in the early going, with a closer who can't seem to close a game
leading the list of worries. They're down to just one lefty, never a good thing on a Tony La Russa
-led team, Jason Motte
has looked shaky in the early going (though, to be fair, he always looks shaky to start out the season), and the guy brought in to serve as starter insurance or to absorb some longman innings is currently option No. 1 to get setup work.
On the other hand, there have been a couple encouraging signs as well. Trever Miller has looked great again, the Andre Ethier double notwithstanding. Eduardo Sanchez has come to the big leagues looking for all the world like Francisco Rodriguez circa 2002. And, just as significantly, it's looking more and more as if Mitchell Boggs just might be taking a big step forward in becoming the guy we all hoped he could be out of the 'pen.
Boggs has always had the stuff, with a fastball that sits easily in the mid-90s and an off-the-table slider when he's going right. As a starter his heater lost a couple ticks and turned into a good but not great pitch; out of the bullpen he presents the ability to simply overpower hitters.
Despite the pyrotechnic stuff, Boggs has never had quite the kind of dominant success you would expect at the big league level, simply because the command of his arsenal has always lagged behind its quality. He improved his walk rate in 2010, dropping from a 5.1 BB/9 in 2009 (admittedly, more than half his appearances that season were as a starter, skewing the results somewhat), down to a much more palatable 3.6. Even so, his 7.0 strikeouts per nine was oddly unimpressive for a pitcher with his stuff, largely because he lacked the ability to put the ball where he wanted to.
So far this season, though, Boggs has been almost untouchable at times. In 9.0 innings he's struck out 12, walked only 3, and given up just 3 hits for a WHIP of 0.67. Now, do I expect him to continue striking out twelve batters per nine innings for the rest of the season? No. Even so, he's looked like a different pitcher, and I do think that might continue.
The biggest difference I've seen from Boggs this season compared to the past is his command of the slider. It's always been a pitch with outstanding movement, but rarely before did it seem interested in going where Mitchell was actually trying to throw it. In 2011, though, Boggs has broken off several sliders and put them in perfect locations. Anecdotally, it also seems to me Boggs has backed off his velocity ever so slightly with his fastball. In the past, he would put up the occasional 97, throwing neck-and-neck with Jason Motte. So far this year, though, he seems to be sitting more at 93 or 94, with a 95 thrown in here and there.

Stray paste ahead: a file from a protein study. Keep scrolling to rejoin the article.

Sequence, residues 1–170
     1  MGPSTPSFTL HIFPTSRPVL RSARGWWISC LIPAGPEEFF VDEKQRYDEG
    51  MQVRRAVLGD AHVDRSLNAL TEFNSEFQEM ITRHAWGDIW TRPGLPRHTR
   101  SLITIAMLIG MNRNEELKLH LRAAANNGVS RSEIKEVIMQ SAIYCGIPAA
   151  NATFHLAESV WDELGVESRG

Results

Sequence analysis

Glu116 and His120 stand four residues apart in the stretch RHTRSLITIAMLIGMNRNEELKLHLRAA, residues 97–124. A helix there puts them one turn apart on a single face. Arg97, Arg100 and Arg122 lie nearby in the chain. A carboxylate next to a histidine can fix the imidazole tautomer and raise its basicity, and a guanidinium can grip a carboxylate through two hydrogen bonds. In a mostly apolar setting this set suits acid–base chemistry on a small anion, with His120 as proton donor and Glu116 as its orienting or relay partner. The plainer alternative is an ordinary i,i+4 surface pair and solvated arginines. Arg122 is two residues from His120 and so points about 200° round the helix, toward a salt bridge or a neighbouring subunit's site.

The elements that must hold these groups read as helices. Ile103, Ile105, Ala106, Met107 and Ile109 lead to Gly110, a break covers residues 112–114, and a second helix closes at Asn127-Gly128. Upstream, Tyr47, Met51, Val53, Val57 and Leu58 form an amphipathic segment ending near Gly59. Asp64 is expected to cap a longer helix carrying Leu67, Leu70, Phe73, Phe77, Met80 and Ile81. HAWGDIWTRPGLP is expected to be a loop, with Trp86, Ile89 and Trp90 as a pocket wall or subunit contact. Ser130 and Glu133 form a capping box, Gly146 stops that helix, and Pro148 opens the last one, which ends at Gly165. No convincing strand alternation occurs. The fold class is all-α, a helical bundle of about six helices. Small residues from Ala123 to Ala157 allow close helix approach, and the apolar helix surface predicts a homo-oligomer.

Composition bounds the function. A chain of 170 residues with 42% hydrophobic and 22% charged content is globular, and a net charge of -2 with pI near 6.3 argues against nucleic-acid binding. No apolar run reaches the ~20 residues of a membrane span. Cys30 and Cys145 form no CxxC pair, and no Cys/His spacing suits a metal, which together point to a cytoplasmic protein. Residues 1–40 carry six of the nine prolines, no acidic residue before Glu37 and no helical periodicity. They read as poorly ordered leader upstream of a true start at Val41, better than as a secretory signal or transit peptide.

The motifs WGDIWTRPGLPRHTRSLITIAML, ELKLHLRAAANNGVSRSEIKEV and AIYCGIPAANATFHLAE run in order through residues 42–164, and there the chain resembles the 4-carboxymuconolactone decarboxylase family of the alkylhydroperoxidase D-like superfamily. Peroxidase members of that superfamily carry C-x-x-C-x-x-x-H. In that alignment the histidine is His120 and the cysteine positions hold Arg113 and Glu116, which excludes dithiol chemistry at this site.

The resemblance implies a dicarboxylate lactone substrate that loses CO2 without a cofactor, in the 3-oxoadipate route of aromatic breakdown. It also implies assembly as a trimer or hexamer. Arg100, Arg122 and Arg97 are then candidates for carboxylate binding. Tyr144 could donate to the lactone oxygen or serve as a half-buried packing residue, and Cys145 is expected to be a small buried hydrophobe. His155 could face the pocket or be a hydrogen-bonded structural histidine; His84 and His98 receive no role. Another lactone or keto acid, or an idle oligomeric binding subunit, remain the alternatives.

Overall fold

I haven't actually researched enough through the game logs to know if my impression is correct or not, to be honest. It's possible Boggs is throwing just as hard this season, but I don't think so. It looks to me like this could be a case of a pitcher realising he's rarely at his best throwing at his absolute maximum and sacrificing just a bit of velocity in order to control the ball better.
Regardless of how exactly he's doing it, Mitchell Boggs has been one of the really pleasant surprises so far in 2011. I've had my doubts about his ability to ever harness his repertoire
properly in the past, and to be honest I still do. A nine inning hot streak early in the season is certainly possible, and he could easily go right back to the same inconsistent pitcher we've come to know and love any day now. Still, he's looked better in this nine inning stretch than I can ever recall him looking at any other point in his major league career. I'm not ready to buy in completely on Boggs just yet, but my skepticism is getting harder to maintain all the time.
At the very least, we should all hope Boggs's early-season performance is more than an illusion. If the Cards are going to have any hopes of staying in contention they'll need all the relief help they can get.
The bullpen has been a serious concern for the